Next stop for the people of the book? A freewheeling public library to peruse as they wait for a bus. No fines, no rules, no shushing.
Imagine a library where there are no due dates and no librarians telling you to be quiet. Israeli artists have developed a new model for the urban library: a free bus-stop library for commuters and travelers of all ages.
Daniel Shoshan, an installation artist and lecturer at the Technion-Israel Institute of Technology, along with Technion graduate Amit Matalon, started this new public library concept figuring that people sometimes have long wait times for buses.
Their motto: You may take, you may return, you may add.
The duo built a series of bookshelves at bus stops throughout Israeli cities. The idea is that anyone may take a book from the shelf, read it at the station or take it on the bus and return it when done.
No due dates, no late fees, no rules.
At first they did an experiment to see if the dynamics would work. Would the shelves refill? Would people participate?
“It started as an artistic project, and all of a sudden it was so successful I knew … it fits a new model for a public library,” Shoshan tells ISRAEL21c. “Municipal libraries in Israel have asked me to start it here and I believe it will be a commercial project one day.”
Shoshan believes the bus-stop libraries could be a place to recycle reading material taking up space on people’s shelves and in public library basements.
“I know that people have a lot of books at home and they do not know what to do with them,” he says.
How the “novel” idea came about
Last year’s six-week pilot started in Haifa’s Ziv neighborhood, Shoshan tells ISRAEL21c. Bookshelves were built into six bus stops along the route from the Technion campus to Ziv Square.
“The system found its own equilibrium after some time, and the phenomenon of gathering books by residents began to appear, creating subject-centered bookshelves following local needs,” the two artists report.
At the bus stop closest to the university, students exchanged science reference books, their dissertations and science fiction. At an ultra-Orthodox neighborhood the residents switched in copies of religious texts and CDs, and Russian-speaking residents at the Ziv-Hankin bus stop created a Russian-language library.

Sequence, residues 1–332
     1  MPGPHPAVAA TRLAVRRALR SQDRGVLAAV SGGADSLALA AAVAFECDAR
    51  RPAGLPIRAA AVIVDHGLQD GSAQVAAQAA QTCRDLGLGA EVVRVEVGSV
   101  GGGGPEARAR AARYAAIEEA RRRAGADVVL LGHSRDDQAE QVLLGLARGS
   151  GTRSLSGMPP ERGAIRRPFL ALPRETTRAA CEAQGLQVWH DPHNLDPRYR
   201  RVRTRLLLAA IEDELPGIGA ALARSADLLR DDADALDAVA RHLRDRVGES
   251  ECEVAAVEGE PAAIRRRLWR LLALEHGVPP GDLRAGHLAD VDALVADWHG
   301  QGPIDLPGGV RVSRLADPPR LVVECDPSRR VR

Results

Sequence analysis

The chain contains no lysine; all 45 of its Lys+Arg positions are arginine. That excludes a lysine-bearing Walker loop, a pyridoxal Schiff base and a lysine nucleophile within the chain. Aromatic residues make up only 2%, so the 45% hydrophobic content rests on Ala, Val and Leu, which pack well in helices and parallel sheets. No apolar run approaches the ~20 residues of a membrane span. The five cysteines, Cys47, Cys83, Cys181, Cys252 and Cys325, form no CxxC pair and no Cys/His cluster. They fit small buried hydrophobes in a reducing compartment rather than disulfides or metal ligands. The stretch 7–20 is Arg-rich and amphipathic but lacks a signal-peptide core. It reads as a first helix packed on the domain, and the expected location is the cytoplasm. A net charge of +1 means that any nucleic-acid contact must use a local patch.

The artists were thrilled to see this self-organization take place.
The pilot was deemed a success as a self-sustaining public library, and now cities throughout Israel are coping the model. Shoshan, who says he has intellectual and “spiritual” creative rights to the idea, has been invited to implement the idea in some neighborhoods in Washington DC, and New York.
Wait in line at the bus stop, shuffle through a few books, and take one with you on the commute? The idea could not only increase literacy rates in communities, but also serve as a new way of connecting people.
“Citizens in the city are now creating new ways of sharing,” says Shoshan. “In Kfar Saba, Hadar Yossef, Haifa, people started to exchange books among themselves without any rules in place. You can put your books on the shelf, and others will add or take from it. It’s just the citizens and neighborhood monitoring it by themselves.”
This could also be a creative marketing platform for unknown authors to spread their works. Israel already has professors giving scholarly lectures on trains. Maybe thanks to this new project, new authors will give public reading at bus stops.
Shoshan thinks such a project could work as a community-builder in disadvantaged areas as well. With little outlay in costs, what’s to lose?
“I am sure it will work in poorer neighbors,” he says. “When you trust the people, they will pay you back with their time. Especially when they know it’s not a project run by the [government].”